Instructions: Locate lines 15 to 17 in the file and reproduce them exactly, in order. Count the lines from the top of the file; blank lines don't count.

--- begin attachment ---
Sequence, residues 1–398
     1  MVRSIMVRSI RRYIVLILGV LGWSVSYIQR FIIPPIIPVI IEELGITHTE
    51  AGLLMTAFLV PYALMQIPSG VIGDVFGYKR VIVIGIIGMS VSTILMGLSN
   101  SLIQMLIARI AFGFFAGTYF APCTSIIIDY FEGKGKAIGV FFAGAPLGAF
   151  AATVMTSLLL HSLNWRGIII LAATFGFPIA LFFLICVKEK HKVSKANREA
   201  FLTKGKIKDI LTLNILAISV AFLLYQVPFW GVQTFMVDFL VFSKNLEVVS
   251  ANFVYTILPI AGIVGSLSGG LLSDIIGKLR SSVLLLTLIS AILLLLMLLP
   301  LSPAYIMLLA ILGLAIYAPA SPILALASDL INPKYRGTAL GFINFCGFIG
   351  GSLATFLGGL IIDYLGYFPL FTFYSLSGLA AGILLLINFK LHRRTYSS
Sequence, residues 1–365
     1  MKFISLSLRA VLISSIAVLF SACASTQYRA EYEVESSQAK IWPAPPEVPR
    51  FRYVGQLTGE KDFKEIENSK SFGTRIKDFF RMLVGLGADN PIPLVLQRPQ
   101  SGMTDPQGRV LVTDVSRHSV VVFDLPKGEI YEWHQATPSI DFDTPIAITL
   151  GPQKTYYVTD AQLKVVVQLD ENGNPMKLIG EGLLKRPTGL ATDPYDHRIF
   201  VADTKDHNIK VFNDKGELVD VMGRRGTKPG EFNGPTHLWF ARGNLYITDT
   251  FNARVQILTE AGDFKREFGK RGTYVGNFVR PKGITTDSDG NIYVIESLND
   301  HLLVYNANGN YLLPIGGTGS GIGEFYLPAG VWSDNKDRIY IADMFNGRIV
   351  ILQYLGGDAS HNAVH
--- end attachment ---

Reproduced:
   201  VADTKDHNIK VFNDKGELVD VMGRRGTKPG EFNGPTHLWF ARGNLYITDT
   251  FNARVQILTE AGDFKREFGK RGTYVGNFVR PKGITTDSDG NIYVIESLND
   301  HLLVYNANGN YLLPIGGTGS GIGEFYLPAG VWSDNKDRIY IADMFNGRIV